Week 3 – Chilling Around Town

As the work starts piling up for our project, and time is coming short, we decide to take a weekend to stay in town. It’ll be a nice break from the long transits to the nearest cities. from ASSA, the closest town (village really), is Ayukudy, while the nearest biggish town is Tenkasi. Walking to Ayukudy takes about 10 minutes while you can run to Tenkasi, and take a tuktuk back for 100 rupees.

Kids at the school on sit do their morning prayers. An integration educator is working with this school to help kids with physical and mental disabilities integrate smoothly with the kids in the mainstream program
Kids at the school on sit do their morning prayers. An integration educator is working with this school to help kids with physical and mental disabilities integrate smoothly with the kids in the mainstream program
One of the many resident peacocks on site
One of the many resident peacocks on site

Out of necessity, i had to go to Ayukudy to get a haircut this week. No biggie but when there is a language barrier, it can be a real headache trying to explain what you want. The head PT recommended this guy in town who worked in Dubai for a while. He apparently was pretty popular. I brought Clare and our unit’s receptionist and translator with us. He has Cerebral Palsy and is very intellectual. Quite frankly without his help, we would not be able to get half as much work done as we do in the unit. my Haircut was excellent. He did all of his work with scissors and no clippers, all for a staggering 50 rupees (that’s about $1CAD).

Being the nearest town, many of the workers from ASSA go there or live there. We bumped into many of our lunch ladies, and caregivers from our unit. One older gentleman who does caregiving (think of a personal support worker on roids) spotted me outside waiting for my cut and pulled me into the tea shop he was at for a pastry. I tried to resist as I’m told Ayukudy may not be the most hygienic place to eat, but how many times can you say ”no thank you” before it’s just plan rude? I eventually obliged and gosh, it was good to eat deep fried food again. The pasty is called a Wada, and its like a savoury fritter or doughnut of sorts. It’s got onion and chilies in the batter, and whole cumin, giving the whole thing a pungent fragrance. I hope I don’t regret this later!

Taken at the end of my run to Tenkasi. Nothing like a 3 mile run in humid weather to get you going
Taken at the end of my run to Tenkasi. Nothing like a 3 mile run in humid weather to get you going
Bel puri at Chennai Sweets in Tenkasi
Bel puri at Chennai Sweets in Tenkasi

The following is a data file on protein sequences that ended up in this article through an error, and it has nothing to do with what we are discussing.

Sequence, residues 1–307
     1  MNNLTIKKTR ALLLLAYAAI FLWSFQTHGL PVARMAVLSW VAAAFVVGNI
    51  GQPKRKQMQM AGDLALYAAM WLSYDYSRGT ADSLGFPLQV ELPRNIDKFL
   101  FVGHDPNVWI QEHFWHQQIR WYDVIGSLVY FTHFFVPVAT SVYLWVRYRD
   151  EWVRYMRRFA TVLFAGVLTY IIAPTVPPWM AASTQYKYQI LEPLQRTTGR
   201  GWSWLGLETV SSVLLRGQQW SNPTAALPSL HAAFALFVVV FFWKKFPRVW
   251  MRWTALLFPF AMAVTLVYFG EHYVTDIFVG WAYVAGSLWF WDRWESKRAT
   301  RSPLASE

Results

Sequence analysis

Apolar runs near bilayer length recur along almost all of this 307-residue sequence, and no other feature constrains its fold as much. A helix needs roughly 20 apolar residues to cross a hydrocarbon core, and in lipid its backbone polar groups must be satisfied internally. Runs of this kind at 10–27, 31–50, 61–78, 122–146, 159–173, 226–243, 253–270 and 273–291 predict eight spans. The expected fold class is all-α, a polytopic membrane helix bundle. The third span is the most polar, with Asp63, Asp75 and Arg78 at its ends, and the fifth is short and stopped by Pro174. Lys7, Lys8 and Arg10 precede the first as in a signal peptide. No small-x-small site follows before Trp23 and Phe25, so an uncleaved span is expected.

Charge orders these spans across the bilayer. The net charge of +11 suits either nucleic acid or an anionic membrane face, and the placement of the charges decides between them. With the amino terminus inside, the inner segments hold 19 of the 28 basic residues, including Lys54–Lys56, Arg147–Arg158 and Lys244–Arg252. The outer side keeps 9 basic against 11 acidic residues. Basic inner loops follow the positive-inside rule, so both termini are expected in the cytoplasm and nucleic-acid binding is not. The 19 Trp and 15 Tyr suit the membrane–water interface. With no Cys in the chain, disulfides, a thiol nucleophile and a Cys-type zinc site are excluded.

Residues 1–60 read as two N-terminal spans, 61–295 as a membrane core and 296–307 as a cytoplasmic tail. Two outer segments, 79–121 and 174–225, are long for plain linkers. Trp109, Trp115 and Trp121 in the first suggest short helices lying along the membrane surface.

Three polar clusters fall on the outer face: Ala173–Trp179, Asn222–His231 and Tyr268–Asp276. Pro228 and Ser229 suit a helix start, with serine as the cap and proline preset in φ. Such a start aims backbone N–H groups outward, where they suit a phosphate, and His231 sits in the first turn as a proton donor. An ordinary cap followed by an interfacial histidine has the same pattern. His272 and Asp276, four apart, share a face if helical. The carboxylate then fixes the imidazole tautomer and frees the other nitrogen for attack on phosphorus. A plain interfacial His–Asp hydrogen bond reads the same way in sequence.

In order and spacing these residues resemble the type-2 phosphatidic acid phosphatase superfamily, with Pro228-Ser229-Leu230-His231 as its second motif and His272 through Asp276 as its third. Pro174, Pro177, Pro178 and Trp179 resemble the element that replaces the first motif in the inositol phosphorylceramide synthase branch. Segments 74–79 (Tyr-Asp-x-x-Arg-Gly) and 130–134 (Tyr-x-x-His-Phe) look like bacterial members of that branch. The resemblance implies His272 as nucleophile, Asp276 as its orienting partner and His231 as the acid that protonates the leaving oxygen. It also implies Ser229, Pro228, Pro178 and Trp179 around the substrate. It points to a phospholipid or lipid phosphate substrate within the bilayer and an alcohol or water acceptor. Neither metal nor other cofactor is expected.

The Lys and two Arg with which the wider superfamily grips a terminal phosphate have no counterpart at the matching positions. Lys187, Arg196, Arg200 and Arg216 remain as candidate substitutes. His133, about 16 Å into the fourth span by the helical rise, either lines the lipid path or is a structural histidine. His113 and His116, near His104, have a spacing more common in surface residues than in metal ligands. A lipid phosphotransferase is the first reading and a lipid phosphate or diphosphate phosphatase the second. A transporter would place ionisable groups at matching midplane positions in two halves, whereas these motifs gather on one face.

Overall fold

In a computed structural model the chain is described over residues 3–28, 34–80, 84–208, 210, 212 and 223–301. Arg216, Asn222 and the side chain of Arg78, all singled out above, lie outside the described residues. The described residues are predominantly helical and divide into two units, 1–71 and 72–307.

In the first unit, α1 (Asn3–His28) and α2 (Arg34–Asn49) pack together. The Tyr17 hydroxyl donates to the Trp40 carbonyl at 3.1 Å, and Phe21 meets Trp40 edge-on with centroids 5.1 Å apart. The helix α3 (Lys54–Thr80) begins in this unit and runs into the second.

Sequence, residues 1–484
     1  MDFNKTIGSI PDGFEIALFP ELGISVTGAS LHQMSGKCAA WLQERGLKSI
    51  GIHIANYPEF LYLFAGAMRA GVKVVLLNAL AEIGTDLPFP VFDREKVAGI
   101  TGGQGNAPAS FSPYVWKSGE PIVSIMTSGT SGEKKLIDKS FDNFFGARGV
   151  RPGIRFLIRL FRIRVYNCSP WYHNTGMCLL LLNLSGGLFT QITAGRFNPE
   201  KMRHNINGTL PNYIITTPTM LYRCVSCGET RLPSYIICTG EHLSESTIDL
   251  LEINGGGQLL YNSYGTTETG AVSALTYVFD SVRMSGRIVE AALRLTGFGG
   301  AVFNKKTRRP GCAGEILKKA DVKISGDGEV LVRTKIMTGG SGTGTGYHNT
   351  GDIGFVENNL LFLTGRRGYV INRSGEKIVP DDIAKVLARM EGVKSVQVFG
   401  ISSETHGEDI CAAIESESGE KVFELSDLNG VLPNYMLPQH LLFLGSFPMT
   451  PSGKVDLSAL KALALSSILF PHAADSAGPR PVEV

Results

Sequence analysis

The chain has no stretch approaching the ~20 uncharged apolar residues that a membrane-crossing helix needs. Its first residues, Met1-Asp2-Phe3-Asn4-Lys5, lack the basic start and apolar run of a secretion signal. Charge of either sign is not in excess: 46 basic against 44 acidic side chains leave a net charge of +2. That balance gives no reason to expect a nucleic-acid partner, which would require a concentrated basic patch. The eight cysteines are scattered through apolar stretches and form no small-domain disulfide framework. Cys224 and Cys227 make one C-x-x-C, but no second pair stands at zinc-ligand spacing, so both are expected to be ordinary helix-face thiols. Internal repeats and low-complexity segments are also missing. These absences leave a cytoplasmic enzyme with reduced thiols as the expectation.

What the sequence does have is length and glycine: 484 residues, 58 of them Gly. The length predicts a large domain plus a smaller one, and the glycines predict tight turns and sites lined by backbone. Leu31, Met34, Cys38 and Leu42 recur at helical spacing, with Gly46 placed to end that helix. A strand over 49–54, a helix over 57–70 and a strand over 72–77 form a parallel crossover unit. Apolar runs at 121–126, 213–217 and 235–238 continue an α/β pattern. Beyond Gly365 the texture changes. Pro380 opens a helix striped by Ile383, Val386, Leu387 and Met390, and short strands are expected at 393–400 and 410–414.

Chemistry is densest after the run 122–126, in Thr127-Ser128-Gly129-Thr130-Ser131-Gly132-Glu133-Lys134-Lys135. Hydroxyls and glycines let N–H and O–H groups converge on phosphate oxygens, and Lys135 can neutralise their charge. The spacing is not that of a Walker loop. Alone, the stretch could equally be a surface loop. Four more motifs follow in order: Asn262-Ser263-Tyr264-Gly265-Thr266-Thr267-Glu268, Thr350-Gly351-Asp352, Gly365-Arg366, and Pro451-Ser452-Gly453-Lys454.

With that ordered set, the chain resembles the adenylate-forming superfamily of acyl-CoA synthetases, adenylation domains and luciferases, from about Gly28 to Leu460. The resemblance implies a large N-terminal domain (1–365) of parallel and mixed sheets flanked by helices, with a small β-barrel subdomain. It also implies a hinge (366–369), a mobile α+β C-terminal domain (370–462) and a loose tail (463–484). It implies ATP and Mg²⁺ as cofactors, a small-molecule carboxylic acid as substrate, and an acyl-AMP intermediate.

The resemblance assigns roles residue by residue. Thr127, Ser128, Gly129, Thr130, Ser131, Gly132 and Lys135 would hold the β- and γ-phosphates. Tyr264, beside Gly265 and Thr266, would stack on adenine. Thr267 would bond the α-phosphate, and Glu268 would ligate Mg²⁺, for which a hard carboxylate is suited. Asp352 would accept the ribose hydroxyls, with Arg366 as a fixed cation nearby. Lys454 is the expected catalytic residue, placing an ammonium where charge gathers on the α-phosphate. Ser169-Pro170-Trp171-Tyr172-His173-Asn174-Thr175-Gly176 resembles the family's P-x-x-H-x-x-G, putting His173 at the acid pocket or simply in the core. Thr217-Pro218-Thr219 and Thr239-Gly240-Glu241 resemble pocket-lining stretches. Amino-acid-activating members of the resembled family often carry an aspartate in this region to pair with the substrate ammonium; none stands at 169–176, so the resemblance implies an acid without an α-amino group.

Tenkasi is also pretty fun. We have a bit of a routine where we’ll go to buy fruits and groceries. A few times I ran there for exercise, only to head to the sweet shop to buy the best samosas ever. No regrets baby.One night we took our translator friend to the sweet shop for a light dinner. The place is called Chennai Sweets and they sell all you classic Indian sweets, but also a few snacks like bel puri (a crunchy mix of puffed rice, noodles, carrots, and tomato), veggie croquettes, and some other snacks. Our friend uses a walker and wheelchair to get around, and needs 2 people to hold him up if he’s walking without them. Needless to say 3 foreigners assisting a man with a visible disability drew a few looks. Nothing rude, but still. As a foreigner I draw more attention than I care for on the streets, but I deal with it because it’d novel. I can imagine it being pretty intimidating to draw that kind of attention because of a disability and how that might hinder me from going out as much. But at the time, the last thing you want id to have a society where you don’t see people with disabilities because they do not feel comfortable being in he public eye. I believe it’s a good thing for people like our friend to go out, since it’s one step in a series of many to help normalize disability and break down stigma. Definitely interesting to think about.

On Sunday, we make our way to the biggest attraction in the area, the waterfalls of Courtallam. I read that this is a place where people like to “take a shower”. I thought, interesting, people like to take a dip in the falls. No. People go, line up, and literally bring their shampoo and soap along to bathe. Only in India I suppose. At this point we’re all thirsting for a beer. Or at least I am. Bad. We ask our driver about going to a wine shop. He takes us through some small streets and all I can think of is how we walked through shit and piss in some dark alley in Kanyakummari to buy a few semi cold beers. Luckily, the liquor kiosk is nice and clean, and without a place to sit and drink our beer, we get invited by a neighbour to go to his rooftop to drink our beers. He was only 2 floors up but had a pretty good view of the Western Ghats, a mountain range roughly dividing the states of Tamil Nadu and neighbouring Kerala. I keep thinking, where will our next booze run take us?

The "5 falls" at Courtallam. not shown are the hoardsof people lining up to bathe here
The “5 falls” at Courtallam. not shown are the hoards of people lining up to bathe here
Rooftop view of the Western Ghats from some dude's rooftop by the liquor store. What friendly locals!
Rooftop view of the Western Ghats from some dude’s rooftop by the liquor store. What friendly locals!
rooftop view from the guesthouse
rooftop view from the guesthouse
Sunset on the rooftop
Sunset on the rooftop

I spend a couple of evenings doing light workouts on our rooftop. This is seriously our respite from the heat, and a quiet place where we can dress how we like and not worry about offending anyone.  In afternoons, it’s a great place to tan. Maybe I’ll be like Mowgli by the time I come back to Canada 😀


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